DENISE: Voice and Speech training is as varied as the individual seeking to be trained. My approach has never been generic, never a one technique fits all approach. Sometimes actors seek my help for what they perceive is a “speech” issue when in fact, it’s a “voice” issue. Most clients are unable to distinguish the difference between voice and speech or a dialect vs. an accent. My goal is to empower my clients. I want to disarm fear, intimidation and feelings of inadequacy. The days of an elitist approach to voice and speech are over.
Check out Denise’s must-read new book from HarperCollins Publishers
JOAN: What one should expect to get out of voice and speech training?
DENISE: Relaxation, breath, voice, articulation, and communication. I explore and guide my clients to mastery of these 5 principles in order to achieve an effective vocal presentation from the most theatrical of settings to the most intimate.
JOAN: Do you rely primarily on Edith Skinner’s methodology?
DENISE: Not at all. As culture evolves, so does the way we express ourselves. I find several methods valuable, Cecily Berry, Patsy Rodenburg, and of course Skinner. However, I like to think of modern-day voice and speech professionals, like myself, as more culturally and linguistically inclusive. When I teach, I learn just as much from my clients as they are learning from me. I grow as they grow.
JOAN: In emphasizing “Good American Speech” as an ideal, or at least as a primary dialect, what happens to the evolving nature of speech in today’s multicultural artistic world?
DENISE: I believe that my generation is actively redefining the “Good American Speech” and “Standard American Speech” paradigm. My question is, what is GOOD? And by who’s standard? “Good speech” is speech that enhances the narrative, character, or medium. A performer’s job is storytelling; anything that detracts from “the story” be it vocal or physical habits, should be addressed. Does that mean obliterating one’s sense of self? Of course not! I add to that “sense of self” by sharing tools that allow the artist to become more facile and more confident.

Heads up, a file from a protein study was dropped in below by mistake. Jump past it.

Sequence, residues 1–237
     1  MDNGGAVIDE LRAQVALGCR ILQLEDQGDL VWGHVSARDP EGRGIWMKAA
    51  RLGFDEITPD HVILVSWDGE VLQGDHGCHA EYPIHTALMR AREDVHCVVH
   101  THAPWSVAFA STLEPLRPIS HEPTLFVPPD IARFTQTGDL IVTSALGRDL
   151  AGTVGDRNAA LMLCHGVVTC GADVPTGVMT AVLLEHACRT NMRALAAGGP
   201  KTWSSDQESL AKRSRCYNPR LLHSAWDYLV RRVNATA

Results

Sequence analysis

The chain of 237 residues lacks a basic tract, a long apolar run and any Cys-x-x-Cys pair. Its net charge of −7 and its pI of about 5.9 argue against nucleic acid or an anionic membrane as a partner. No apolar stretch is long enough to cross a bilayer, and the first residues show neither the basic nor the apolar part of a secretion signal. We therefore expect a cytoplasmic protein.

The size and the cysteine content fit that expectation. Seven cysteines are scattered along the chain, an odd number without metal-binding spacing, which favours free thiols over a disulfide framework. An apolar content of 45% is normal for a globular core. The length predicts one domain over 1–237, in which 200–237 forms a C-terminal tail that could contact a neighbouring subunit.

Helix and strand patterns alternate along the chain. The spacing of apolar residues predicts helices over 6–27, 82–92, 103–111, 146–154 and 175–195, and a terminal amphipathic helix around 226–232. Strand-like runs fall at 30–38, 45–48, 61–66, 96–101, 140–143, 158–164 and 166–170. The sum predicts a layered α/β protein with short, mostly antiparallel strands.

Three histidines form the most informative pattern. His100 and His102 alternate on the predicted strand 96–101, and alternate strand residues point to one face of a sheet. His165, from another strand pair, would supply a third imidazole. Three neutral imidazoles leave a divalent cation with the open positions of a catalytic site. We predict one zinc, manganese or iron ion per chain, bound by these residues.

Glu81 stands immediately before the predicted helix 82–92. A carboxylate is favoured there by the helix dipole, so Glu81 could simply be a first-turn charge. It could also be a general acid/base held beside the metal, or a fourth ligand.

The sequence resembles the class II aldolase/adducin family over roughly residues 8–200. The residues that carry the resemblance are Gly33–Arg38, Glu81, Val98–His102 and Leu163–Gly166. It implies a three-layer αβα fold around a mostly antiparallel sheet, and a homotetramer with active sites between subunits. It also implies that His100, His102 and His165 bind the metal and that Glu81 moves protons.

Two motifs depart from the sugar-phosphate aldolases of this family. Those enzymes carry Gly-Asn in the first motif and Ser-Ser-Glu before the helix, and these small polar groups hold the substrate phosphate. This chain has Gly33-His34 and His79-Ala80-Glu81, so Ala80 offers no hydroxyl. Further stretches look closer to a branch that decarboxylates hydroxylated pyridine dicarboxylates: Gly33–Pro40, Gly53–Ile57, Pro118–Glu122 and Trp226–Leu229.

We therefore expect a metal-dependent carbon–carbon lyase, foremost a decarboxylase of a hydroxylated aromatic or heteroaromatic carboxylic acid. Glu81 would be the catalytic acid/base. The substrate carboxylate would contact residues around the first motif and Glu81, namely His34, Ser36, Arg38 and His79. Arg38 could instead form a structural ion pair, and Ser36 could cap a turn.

JOAN: Microsoft, AT&T, and Arby’s are a few of the major brands using nontraditional voices: Common, Lena Waithe and Ving Rhames, respectively. What does this tell us about diction and regionalisms taking hold as part of what resonates today?
DENISE: I’m absolutely thrilled to hear these wonderful voices on a national platform, Common is a client of mine, and Ving Rhames and I went to high school and Juilliard together. However, I’m inclined to believe that these business decisions have less to do with Corporate altruism and are more of a “get on board or be left behind,” move for fear that they become the Blockbuster and Boarders during the digital shift. I liken shifts in “popular culture” to that of a swinging pendulum. When you get in the game just remember that the pendulum swing is inevitable. My suggestion is to also arm yourself with an aesthetic that defies the test of time and becomes an immediate classic. You must be able to do it all and lean into the art that withstands the test of time. This is where the real gold lies.
JOAN: What is the legacy you’d like to leave in the world?
DENISE: I want to be remembered for giving disenfranchised voices the courage and tools to use their words, their thoughts, and their stories in ways they never thought possible. My dream is to dismantle fear, shame, and insecurity and help build platforms for ALL voices to be heard. “To whom much is given, much is expected!” My vocal coaching gifts must reach beyond Hollywood to that young child struggling with gender identity, to the black girl who never felt accepted because she thought her skin was too dark or too light, and to that small child in us all dying to be given A VOICE.
JOAN: Finally, if a sister doesn’t mind, let me just say that folks wanna keep an eye out for your upcoming book published by Harper-Collins, The Gift of Voice, and to visit your website, Speak It Clearly, for info on how to reach you for coaching, and a look at the many great things you’re doing across the board. It’s a fabulous website, by the way! Thank you for sitting down with me.
DENISE: Thanks so much, Love! It was really a lot of fun.
Joan Baker is an award-winning voice actor, author of Secrets of Voice-over Success and co-founder of Society of Voice Arts and Sciences, That’s Voiceover!™ Career Expo, and the Voice Arts® Awards. She’s also an acting and voiceover expert for Backstage Magazine. Coach with Joan in her Manhattan office or via Zoom or Skype. Connect with Joan at Joan@sovas.org and on Twitter: @joanthevoice